Technology has been credited with helping President Obama, then an upstart senator, defeat Hillary Rodham Clinton and win the presidency 2008.
Now, a group of tech leaders who worked on his campaign are lining behind another upstart who could challenge Clinton in 2016: Sen. Elizabeth Warren, D-Mass.
They are quietly tapping Silicon Valley talent to join Tech for Warren, a coalition of digital natives who are trying to convince voters that Warren is the best candidate. But first they will have to convince Warren, who has repeatedly said she is not running.
The latest “no’s” from Warren came Tuesday in a Fortune magazine interview with her friend Sheila Bair, the former chairwoman of the Federal Deposit Insurance Corp., and in an e-mail to The Chronicle from her press secretary, Lacey Rose.
“As Sen. Warren has said many times, she is not running for president,” Rose wrote.
To the true Warren believers – including those in Tech for Warren – the key word in that statement is the word “is.” As in Warren currently is not running but perhaps could be persuaded.
“It doesn’t change anything,” said Erica Sagrans,who served as Obama’s digital campaign director for northeastern states in 2012. Sagrans now works as a campaign manager of Ready for Warren, which is helping organize Tech for Warren. “We exist to convince her to run.”
Last month, more than 300 Obama campaign alums signed an open letter asking Warren to run, and the left-leaning online hub MoveOn.org said it is ready to spend $1 million on the progressive favorite.
Even if the tech world can’t persuade Warren to run, her backers hope their efforts will challenge Clinton to take more liberal positions.
“If Warren jumped in, then what I like to call the ‘progressive tech wing' would have a voice in the primary,” said Tim Wu, a Columbia University professor and Warren supporter who coined the term “net neutrality.”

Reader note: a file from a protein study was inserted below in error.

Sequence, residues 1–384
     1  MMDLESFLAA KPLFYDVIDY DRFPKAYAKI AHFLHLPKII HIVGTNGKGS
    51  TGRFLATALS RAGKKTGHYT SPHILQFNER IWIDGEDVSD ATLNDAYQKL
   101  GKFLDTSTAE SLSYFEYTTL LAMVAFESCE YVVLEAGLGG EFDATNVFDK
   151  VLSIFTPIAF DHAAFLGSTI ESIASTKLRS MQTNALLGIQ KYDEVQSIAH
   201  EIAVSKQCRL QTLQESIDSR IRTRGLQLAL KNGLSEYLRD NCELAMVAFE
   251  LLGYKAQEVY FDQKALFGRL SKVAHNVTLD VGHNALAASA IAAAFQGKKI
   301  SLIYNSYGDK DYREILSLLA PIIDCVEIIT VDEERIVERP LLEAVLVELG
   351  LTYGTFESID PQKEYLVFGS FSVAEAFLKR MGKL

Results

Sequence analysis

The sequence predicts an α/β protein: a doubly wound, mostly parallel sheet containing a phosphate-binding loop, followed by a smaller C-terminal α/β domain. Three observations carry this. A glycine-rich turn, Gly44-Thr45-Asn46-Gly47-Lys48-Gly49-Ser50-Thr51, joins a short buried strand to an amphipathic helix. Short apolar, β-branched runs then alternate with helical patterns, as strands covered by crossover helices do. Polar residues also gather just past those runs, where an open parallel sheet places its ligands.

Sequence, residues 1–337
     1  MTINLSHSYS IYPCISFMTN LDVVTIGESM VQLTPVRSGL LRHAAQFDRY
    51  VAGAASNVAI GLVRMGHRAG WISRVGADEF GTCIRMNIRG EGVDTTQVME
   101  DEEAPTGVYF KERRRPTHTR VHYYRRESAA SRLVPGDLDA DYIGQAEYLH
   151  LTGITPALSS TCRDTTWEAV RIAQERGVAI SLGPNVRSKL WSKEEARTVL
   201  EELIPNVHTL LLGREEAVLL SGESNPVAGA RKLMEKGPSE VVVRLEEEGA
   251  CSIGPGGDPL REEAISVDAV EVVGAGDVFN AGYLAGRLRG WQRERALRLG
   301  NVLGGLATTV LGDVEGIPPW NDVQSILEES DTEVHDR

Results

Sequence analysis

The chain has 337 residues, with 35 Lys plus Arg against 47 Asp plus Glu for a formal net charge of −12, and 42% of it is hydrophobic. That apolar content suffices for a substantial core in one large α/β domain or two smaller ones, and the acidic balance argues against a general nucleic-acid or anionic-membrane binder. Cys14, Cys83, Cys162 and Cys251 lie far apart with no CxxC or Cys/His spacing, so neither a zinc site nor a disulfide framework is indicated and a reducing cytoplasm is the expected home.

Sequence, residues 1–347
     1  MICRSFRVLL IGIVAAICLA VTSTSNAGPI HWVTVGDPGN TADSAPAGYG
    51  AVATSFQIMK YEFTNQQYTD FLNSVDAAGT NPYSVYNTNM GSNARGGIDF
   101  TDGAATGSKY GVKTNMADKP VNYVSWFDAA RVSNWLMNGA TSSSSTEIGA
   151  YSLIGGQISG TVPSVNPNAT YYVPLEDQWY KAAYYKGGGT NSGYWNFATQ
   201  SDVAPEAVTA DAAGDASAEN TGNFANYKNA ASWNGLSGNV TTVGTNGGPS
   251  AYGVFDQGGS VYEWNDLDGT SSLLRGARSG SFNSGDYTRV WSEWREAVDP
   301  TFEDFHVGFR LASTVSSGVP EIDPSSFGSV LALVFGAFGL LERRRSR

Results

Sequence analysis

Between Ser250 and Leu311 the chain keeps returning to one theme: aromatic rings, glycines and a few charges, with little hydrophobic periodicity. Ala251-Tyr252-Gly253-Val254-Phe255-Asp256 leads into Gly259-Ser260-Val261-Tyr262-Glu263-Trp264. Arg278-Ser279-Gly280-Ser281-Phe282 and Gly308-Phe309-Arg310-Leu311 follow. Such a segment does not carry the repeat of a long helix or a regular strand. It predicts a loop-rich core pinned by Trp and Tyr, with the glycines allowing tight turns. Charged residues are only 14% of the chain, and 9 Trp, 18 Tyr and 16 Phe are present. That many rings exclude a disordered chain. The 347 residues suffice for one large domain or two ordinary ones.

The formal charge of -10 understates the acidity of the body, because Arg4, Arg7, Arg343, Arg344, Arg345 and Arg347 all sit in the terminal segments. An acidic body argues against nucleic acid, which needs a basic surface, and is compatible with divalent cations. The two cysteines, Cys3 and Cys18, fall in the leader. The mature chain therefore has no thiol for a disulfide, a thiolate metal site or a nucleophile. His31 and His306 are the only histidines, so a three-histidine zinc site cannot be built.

Tech for Warren is expected to formally roll out a list of its members in the next few weeks. Its ranks already include Obama’s key tech advocates, including his 2012 campaign’s chief information officer, Rajeev Chopra.
Having the same operatives who helped the Obama campaign twice succeed using technology could help convince Warren that she has a chance against the better-funded and better-known Clinton campaign, her boosters believe.
“It would show her that there is a group of people out there who are ready to jump in and really make something happen,” Chopra said.
Early members of Tech for Warren say the campaign already reminds them of Obama’s efforts.
“I’m calling 50 to 100 people right now,” said Sean Knox, a San Franciscan who was Northern California data director for Obama’s 2008 campaign. “She speaks to me in the same way that Obama did when he first ran.”
Like many in the group, Knox said he was attracted to Warren because she has taken on Wall Street executives and talked about the nation’s income inequality like few other politicians. Last month, a nine-minute video of Warren pointedly criticizing Citicorp’s inordinate influence in Washington went viral with more than 600,000 views on YouTube.
The tech crowd favors Warren because she, like many of them, is seen as disrupting the status quo in Washington.
“Tech people see themselves as that outsider, disrupting force that likes to speak truth to power,” said Catherine Bracy, a San Franciscan who was director of the Obama campaign’s tech field office in San Francisco in 2012. “And that’s what she is like, too.”
It won’t be easy. Clinton hasn’t formally declared, either, though her supporters are preparing for her to announce her candidacy this year. A group called Ready for Hillary raised $12 million in 2014, according to the nonpartisan Center for Responsive Politics. One of the nation’s largest left-leaning super PACs, Priorities USA, is being chaired by Obama 2012 campaign manager Jim Messina, and has begun raising money for the former secretary of state.
But Warren’s Silicon Valley supporters say that with a little tech help, the Massachusetts senator could put a scare into Clinton.
“This is obviously a treasure trove of tech talent here” in Silicon Valley, Bracy said. “They’re just waiting to be asked.”